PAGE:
I save up things like onion skins and tops/bottoms, carrot peels, apple cores, celery trimmings, and pepper tops, plus assorted vegetables that are past their prime but not moldy, in a bag in my freezer until I have enough scraps to make broth. Since we’re after the flavor and not the texture, it doesn’t matter if they get mushy upon freezing.
If you’re making vegetarian or vegan broth, the more veg in your stockpot, the better.
The bones/meats – If you are a vegetarian/vegan or are poor like me, you can make some pretty tasty broth just from the above ingredients and later on adding some butter, sour cream, or olive oil for body. But most of us will probably want to include some animal products in our broth.
If you use bones, they should have a little bit of meat on them just for flavor. You can either buy bones at the butcher/meat department (they’re usually very cheap and you can sometimes even get them for free) or else save up bones from your meals in a bag in the freezer – usually the bones have enough meat clinging to them to add the needed flavor. Or, you can save up trimmings and skin to add to the bones. This sounds strange but once you get in the habit of it, you’ll always have bones on hand for soup – one of the best stocks I made was after a dinner of Kentucky Fried Chicken; I just saved the bones and leftover skin (with the breading still on it) and tossed it all in a pot with my CCOG!!!
It’s soup, there is no wrong way.
It is perfectly fine to mix and match bones, so if you have some pork chop bones and some from roast chicken breasts but not really enough of either, toss them both in. If your bones don’t have much meat, then add a pat of butter or a couple strips of bacon to the cooking liquid to add some flavor. Also, a tablespoon of vinegar will not alter the taste of the soup but will help release calcium, gelatin, and collagen that some believe to be very healthy.
You can make a pretty tasty seafood broth by saving shrimp peels, fish bones, lobster shells, etc. Or, you can ask your butcher for fish heads and bones (and you might be able to get them for free!!) You’ll probably want to add butter to seafood broths because they are so low in fat that they don’t have as much body.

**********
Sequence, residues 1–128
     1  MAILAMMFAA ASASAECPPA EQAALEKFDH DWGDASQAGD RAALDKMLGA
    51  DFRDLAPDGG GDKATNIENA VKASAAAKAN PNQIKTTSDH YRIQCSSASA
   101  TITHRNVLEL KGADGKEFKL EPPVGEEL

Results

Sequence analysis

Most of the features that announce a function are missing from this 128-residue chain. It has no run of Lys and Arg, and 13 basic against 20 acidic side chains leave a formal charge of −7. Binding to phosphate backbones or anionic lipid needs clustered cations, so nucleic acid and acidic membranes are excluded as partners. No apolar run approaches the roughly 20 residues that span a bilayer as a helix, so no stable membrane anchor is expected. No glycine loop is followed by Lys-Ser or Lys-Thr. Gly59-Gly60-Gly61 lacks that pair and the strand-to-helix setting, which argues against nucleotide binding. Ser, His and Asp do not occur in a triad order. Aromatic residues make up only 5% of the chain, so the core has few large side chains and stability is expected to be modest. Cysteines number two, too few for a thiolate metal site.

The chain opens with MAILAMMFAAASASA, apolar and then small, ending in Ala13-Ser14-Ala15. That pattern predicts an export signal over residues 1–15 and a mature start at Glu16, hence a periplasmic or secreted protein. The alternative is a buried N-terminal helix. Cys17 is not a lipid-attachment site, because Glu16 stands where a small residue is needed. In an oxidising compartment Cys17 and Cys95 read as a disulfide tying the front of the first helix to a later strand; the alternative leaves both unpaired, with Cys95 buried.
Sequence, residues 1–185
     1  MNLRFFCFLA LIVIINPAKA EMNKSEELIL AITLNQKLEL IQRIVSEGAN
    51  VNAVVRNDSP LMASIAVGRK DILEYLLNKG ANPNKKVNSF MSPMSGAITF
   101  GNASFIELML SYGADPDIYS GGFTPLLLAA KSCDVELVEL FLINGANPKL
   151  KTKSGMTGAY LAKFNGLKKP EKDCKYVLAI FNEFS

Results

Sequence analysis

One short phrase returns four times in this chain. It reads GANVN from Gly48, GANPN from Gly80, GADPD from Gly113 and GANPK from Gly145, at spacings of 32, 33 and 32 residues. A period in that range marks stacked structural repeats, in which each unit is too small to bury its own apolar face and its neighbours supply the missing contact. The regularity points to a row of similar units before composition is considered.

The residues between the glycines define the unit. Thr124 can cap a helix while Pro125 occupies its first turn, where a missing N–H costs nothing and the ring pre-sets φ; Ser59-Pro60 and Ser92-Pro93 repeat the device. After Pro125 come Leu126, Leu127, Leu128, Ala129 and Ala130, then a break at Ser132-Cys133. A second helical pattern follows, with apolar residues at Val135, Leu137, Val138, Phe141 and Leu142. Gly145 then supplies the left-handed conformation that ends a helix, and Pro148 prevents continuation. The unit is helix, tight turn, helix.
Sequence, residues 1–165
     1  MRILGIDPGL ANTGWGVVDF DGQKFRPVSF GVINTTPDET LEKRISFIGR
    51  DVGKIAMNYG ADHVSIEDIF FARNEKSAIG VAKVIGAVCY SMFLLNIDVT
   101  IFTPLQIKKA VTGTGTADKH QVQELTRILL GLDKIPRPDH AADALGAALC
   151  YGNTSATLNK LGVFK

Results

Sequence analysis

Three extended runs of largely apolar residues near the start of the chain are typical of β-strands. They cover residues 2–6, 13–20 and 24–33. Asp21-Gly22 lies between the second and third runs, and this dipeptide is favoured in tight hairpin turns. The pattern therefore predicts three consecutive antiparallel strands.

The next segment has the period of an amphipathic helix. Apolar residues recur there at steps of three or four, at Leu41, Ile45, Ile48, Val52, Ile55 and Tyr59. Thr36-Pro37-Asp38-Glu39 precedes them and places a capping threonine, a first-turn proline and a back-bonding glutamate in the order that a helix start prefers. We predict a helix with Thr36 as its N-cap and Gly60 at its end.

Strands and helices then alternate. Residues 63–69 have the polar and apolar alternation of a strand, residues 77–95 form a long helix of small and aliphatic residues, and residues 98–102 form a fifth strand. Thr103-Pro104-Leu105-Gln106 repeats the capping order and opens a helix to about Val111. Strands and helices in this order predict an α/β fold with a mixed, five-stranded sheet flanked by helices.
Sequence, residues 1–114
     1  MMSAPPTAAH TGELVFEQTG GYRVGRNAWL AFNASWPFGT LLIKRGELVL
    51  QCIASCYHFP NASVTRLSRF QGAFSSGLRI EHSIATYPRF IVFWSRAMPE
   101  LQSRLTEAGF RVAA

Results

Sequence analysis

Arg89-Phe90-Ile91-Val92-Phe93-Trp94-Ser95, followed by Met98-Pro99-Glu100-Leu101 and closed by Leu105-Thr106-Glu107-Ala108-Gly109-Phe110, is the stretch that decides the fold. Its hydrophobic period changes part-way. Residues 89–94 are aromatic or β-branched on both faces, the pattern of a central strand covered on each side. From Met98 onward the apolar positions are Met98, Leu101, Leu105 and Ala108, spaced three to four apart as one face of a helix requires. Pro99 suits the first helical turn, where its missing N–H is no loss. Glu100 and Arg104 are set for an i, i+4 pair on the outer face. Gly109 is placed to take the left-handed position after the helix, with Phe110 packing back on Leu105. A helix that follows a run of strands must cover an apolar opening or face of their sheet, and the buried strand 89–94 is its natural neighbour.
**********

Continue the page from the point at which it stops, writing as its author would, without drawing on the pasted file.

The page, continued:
Other options for soups include ham bones or a whole turkey carcass left over from your holiday dinner. Since we’re in the post-Thanksgiving letdown phase, that’s what I’m using! #teamcarcass You’ll want to pull off the meat to use in other applications (shove this in a Ziploc and store in your fridge alongside the Ziploc that already has your CCOG in it); there will be plenty of flavor left in the bones and skin. If you have any drippings left in the bottom of the pan, toss em into the pot along with everything else.
Broth: truly making something from nothing.
If the bones are from the butcher and are raw (this is only true of beef, pork, and lamb bones – if you have chicken or fish bones that are raw, like if you trimmed your own chicken breasts or something, they don’t need to be roasted) you will want to roast them before making the stock. Put the bones into a roasting pan and roast them at 450 for about an hour, before putting them into the pot with your CCOG and water (along with those delicious drippings!)
On salt: As Marge Simpson will attest, the secret to delicious home cooking is salt.
The most important ingredient in any broth is SALT. As anyone who has ever eaten canned soup will attest, soup is meant to be salty. While eventually you can add as much salt as you can bear (the amount will depend on how big your pot is and how many ingredients are in said pot) you should start off the brothing process with less than you think you’ll need. You can always add more to taste. If you slip up and add too much, keep in mind that the saltiness will be somewhat diluted by the ingredients added to the broth later on.